FROM THE CIRCUIT COURT OF FAIRFAX COUNTY Randy I. Bellows, Judge
(Lavonda Graham Williams, on brief), for appellant.
(David P. Bobzien, County Attorney; Peter D. Andreoli, Jr., Deputy County Attorney; Donna R. Banks, Assistant County Attorney; P. Gregory Bauserman, Guardian ad litem for the minor child, on brief), for appellee.
Present: Judges Alston, Decker and Senior Judge Coleman
MEMORANDUM OPINION [*]
Ricardo Astudillo (father) appeals an order terminating his parental rights to his child. Father argues that the trial court erred by finding that the Fairfax County Department of Family Services (the Department) "met its burden to terminate the [father's] parental rights . . . by clear and convincing evidence because [father] had complied with the plan requirements and demonstrated the ability to independently care for his son." Upon reviewing the record and briefs of the parties, we affirm this case because regardless of the disposition of this appeal, the trial court's decision to terminate parental rights under Code § 16.1-283(B) remains intact. Accordingly, we summarily affirm the decision of the trial court. See Rule 5A:27.
On April 29, 2011, the Department obtained custody of the child due to inconsistent statements by the parents concerning abuse and mother's background, the family's history of domestic violence, and the child's repeated exposure to violence. The Fairfax County Juvenile and Domestic Relations District Court (the JDR court) entered agreed orders that the child was abused and neglected. On August 22, 2012, the JDR court terminated father's and mother's parental rights. Both parties appealed to the circuit court.
The circuit court heard evidence and argument over two days. Father minimized the issues of domestic violence and refused to take responsibility for his child entering and staying in foster care. The circuit court found that the record was "soaked with deception and dishonesty." Father was uncooperative with the Department and created "unnecessary impediments." Due to his lack of cooperation, the Department had difficulty scheduling meetings and visitations. The circuit court found that father did not make progress with therapy on his anger issues. Although father participated in several of the recommended programs and evaluations, "the compliance was superficial and did not accomplish its objective." The circuit court terminated father's parental rights pursuant to Code § 16.1-283(B) and (C)(2).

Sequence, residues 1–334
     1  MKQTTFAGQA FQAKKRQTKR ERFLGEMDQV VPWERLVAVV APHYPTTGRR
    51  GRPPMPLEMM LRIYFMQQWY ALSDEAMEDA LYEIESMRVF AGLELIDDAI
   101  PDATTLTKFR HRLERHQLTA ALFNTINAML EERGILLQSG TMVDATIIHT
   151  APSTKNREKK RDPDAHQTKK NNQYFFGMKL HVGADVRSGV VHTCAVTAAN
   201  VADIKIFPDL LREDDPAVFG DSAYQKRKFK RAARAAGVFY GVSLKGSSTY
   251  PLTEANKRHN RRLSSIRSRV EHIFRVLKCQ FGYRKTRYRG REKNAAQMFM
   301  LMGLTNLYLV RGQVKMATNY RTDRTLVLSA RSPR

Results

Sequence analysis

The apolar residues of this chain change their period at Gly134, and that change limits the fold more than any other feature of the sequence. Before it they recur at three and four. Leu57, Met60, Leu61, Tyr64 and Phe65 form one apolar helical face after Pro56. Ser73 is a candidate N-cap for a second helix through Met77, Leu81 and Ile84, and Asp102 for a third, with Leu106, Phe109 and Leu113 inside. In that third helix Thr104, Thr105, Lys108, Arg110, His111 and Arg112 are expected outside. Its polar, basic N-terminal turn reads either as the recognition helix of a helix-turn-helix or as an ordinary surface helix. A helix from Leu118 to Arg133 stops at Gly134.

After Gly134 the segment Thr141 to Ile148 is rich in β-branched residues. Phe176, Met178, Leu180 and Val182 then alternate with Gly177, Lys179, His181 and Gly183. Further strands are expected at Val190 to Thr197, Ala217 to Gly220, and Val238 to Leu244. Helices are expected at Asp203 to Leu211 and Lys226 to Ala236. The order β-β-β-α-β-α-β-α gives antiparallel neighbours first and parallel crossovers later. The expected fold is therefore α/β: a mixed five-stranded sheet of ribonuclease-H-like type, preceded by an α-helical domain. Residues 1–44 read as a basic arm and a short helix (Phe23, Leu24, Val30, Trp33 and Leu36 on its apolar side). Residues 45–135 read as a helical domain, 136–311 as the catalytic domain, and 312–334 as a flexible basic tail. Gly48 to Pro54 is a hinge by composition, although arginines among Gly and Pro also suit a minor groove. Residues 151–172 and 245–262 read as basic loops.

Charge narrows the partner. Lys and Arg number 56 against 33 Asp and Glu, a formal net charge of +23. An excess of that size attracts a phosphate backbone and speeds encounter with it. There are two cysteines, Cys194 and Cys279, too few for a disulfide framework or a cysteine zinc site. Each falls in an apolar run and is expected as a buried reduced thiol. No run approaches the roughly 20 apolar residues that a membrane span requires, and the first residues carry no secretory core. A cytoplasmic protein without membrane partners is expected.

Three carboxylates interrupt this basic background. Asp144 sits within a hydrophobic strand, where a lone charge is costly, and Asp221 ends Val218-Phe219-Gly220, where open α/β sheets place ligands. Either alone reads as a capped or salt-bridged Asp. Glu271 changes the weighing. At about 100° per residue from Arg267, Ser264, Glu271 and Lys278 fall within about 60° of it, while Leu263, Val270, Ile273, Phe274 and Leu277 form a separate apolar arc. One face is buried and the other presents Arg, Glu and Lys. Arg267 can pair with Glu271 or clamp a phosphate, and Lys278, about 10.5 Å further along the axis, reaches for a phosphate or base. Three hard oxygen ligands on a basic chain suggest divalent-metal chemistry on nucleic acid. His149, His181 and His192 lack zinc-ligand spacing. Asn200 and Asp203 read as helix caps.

Father argues that the Department failed to meet its burden of proving by clear and convincing evidence that father's parental rights should be terminated. In his brief, father focused on the termination pursuant to Code § 16.1-283(C)(2) but does not challenge the termination pursuant to Code § 16.1-283(B).
"[C]lear and convincing evidence that the termination [of parental rights] is in the child's best interests is a requirement in common to termination of parental rights under Code § 16.1-283(B) [or] (C) . . . ." Fields v. Dinwiddie Cnty. Dep't of Soc. Servs., 46 Va.App. 1, 8 n.5, 614 S.E.2d 656, 659 n.5 (2005). While the best interests of the child is "the paramount consideration of a trial court" in a termination proceeding, Logan v. Fairfax Cnty. Dep't of Human Dev., 13 Va.App. 123, 128, 409 S.E.2d 460, 463 (2003), terminations under Code § 16.1-283(B) and the subsections of Code § 16.1-283(C) provide distinct, "individual bases upon which a petitioner may seek to terminate residual parental rights, " City of Newport News Dep't of Soc. Servs. v. Winslow, 40 Va.App. 556, 563, 580 S.E.2d 463, 466 (2003).
Father contends the evidence was insufficient to support the termination pursuant to Code § 16.1-283(C)(2), but he does not challenge the termination pursuant to Code § 16.1-283(B). Father's failure to challenge the termination under Code § 16.1-283(B) renders moot his claim regarding the termination under Code § 16.1-283(C)(2), and we need not consider it. See id. at 563, 580 S.E.2d at 466.
For the foregoing reasons, the trial court's ruling is summarily ...